*Correction: In response to parking issues on North Shell Road, County Commissioner Nora Patterson suggested that clearing brush at the end of the road might be one option to create more parking at Beach Access No. 1. A story in the Feb. 12 issue of the Pelican Press incorrectly stated that Patterson suggested cutting back mangrove trees.
In the height of season, a mad dash to find beach parking are not uncommon. Everyone is eager to enjoy the scenic views offered on Siesta Key’s beaches, and parking spots at access points quickly fill up. However, at Beach Access No. 1, the northernmost public access located on North Shell Road off Higel Avenue, some residents say the parking situation has gotten especially bad.
What makes parking so unique at Beach Access No. 1 is the fact that unlike most of the other access points, this one lies in a predominately residential area, which includes several homes and the new Solymar subdivision.
North Shell Road is fairly short, with only a handful of homes between Higel and the Gulf, and the actual beach isn’t large. Every day, the road is quickly filled with anxious beachgoers parking along either side. One resident says he’s counted as many as 33 cars on a busy day.
On especially busy days, many drivers park illegally, partially or completely blocking residents’ driveways, and many are worried about a potential loss of access to emergency vehicles.
“Some days, I question whether or not an emergency vehicle would be able to make it down here or not,” said Chuck McGovern, a North Shell Road resident.
Another resident, Sharon Carole, expressed similar concerns.
“I have trouble getting in and out of my house, and I’m worried about emergency vehicles getting to us,” she said. “I’ve had some people park on our landscaping and break the sprinkler heads.”
Other residents have reported that the beach access’ isolated location has led to some users disregarding the rules of the beach. Some residents report having seen smoking, dogs on the beach, trespassing on private property and some late-night partying and noise disturbances. The influx of people, combined with the lack of a public restroom, has also created its own problem.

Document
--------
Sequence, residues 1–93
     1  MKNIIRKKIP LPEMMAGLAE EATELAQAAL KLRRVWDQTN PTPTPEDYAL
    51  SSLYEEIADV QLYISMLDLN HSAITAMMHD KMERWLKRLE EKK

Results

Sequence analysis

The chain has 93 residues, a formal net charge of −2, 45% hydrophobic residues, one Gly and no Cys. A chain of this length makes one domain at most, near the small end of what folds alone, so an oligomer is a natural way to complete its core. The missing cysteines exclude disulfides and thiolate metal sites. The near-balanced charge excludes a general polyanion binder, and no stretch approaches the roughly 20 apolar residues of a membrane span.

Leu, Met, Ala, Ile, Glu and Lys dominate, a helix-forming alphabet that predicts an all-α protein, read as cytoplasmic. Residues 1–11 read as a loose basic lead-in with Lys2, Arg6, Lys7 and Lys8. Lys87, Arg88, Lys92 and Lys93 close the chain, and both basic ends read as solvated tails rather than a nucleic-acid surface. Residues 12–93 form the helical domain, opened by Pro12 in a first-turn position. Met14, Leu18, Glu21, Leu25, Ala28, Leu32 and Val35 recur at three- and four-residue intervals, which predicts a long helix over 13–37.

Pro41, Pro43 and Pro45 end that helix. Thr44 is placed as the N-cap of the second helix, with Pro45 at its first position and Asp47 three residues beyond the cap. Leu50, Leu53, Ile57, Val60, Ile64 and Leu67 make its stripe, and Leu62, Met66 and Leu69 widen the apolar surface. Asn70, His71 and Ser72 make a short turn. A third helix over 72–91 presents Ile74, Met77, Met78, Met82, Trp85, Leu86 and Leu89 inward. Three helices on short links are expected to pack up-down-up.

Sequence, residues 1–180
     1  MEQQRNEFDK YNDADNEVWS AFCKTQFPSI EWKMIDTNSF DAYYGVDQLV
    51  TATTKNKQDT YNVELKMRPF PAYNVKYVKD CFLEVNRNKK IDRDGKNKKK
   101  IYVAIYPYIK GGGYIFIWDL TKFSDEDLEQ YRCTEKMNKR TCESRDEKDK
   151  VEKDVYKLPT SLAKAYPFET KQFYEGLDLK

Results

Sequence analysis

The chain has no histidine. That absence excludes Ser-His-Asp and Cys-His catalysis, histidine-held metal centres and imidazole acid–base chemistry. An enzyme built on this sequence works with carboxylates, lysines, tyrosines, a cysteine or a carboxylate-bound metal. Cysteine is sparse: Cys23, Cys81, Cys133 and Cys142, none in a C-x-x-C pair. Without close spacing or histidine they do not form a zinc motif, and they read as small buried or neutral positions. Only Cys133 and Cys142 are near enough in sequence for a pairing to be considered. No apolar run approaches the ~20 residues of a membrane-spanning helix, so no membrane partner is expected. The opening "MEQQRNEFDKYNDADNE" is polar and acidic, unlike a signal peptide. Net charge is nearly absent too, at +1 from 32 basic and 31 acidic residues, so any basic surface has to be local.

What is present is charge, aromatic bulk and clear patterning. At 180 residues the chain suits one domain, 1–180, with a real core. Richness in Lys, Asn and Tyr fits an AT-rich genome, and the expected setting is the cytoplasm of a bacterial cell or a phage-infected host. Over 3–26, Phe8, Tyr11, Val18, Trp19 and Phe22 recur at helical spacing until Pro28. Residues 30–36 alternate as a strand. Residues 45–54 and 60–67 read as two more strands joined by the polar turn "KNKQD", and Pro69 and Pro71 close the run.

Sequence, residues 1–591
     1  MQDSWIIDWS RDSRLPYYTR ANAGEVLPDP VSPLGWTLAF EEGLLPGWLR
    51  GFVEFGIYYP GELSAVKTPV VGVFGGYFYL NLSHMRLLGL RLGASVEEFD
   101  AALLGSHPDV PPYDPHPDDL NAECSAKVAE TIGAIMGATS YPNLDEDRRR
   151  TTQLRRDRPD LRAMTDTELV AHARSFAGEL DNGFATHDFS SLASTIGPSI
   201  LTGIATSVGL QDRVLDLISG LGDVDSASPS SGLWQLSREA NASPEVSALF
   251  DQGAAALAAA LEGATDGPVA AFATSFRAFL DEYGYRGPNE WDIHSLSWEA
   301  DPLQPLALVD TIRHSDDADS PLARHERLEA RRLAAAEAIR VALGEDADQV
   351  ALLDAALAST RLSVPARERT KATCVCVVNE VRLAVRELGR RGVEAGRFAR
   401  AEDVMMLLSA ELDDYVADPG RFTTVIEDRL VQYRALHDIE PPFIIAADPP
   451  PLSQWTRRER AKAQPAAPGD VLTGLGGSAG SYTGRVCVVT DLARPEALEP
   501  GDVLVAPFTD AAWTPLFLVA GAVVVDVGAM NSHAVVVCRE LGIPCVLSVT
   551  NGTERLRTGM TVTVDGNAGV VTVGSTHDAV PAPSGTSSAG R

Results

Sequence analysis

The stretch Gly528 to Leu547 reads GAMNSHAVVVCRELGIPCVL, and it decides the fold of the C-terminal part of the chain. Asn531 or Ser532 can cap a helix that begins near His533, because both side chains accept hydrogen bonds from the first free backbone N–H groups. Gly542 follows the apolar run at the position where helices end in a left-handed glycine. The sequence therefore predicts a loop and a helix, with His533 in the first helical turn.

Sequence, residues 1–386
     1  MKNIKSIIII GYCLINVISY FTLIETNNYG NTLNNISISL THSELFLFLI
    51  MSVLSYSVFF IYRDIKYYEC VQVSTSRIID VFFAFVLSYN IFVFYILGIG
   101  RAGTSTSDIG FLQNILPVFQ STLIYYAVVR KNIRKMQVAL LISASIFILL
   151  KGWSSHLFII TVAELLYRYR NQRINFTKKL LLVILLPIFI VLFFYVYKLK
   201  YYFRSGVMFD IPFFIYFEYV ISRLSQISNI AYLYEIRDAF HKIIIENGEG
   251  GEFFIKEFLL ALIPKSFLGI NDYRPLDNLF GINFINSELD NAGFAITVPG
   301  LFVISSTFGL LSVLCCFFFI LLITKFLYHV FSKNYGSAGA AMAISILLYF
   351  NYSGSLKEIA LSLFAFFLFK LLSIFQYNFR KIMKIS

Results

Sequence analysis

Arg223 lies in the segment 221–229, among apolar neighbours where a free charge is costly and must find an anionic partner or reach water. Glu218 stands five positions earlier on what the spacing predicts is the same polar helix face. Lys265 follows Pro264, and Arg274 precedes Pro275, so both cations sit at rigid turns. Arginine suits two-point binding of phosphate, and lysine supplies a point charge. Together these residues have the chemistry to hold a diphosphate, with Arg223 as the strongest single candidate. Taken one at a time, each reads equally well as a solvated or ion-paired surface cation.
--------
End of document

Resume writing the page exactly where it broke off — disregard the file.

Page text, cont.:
However, McGovern says that much of the crude behavior that has been a problem in the past six to eight months seems to have dissipated.
“You have isolated incidents,” said McGovern. “Eighty percent of the people are considerate, and they don’t park in your driveway or stay out on the beach until 1 a.m. Other people aren’t as considerate, and it does create a problem.”
At one point, North Shell Road and Shell Road, located farther south on Higel Avenue, were connected in a horseshoe shape, with all land west of the loop considered public access, but that property has since become privately owned, and the county now maintains an 80-foot access at the end of North Shell Road, much of which is overgrown with mangroves and brush.
Some residents feel the solution to the problem lies in clearing the brush at the beach end of the access, and consolidating beach parking in that area. Others want to widen the road to move parking off of the street, and still others want to eliminate street parking altogether and only allow beachgoers to park in the five spaces along the beach.
McGovern says finding a solution is difficult. Although he wants to see a safe, organized parking situation, he doesn’t want to prevent people from being able to use the access.
“I don’t know what the magic solution would be,” said McGovern. “But I’m torn. I’m not one of those people who thinks that I have mine, and nobody else should have theirs.”
Some of the residents recently brought their concerns to County Commissioner Nora Patterson.
“Right now, it’s a mess,” said Patterson. “People are parking all over, it’s hard to turn around, and it’s very unattractive. I think you could formalize some parking and maybe cut back some of the mangroves. It could be done attractively. I think if you had to choose between keeping the access and having it go away, nobody would choose to have it go away.”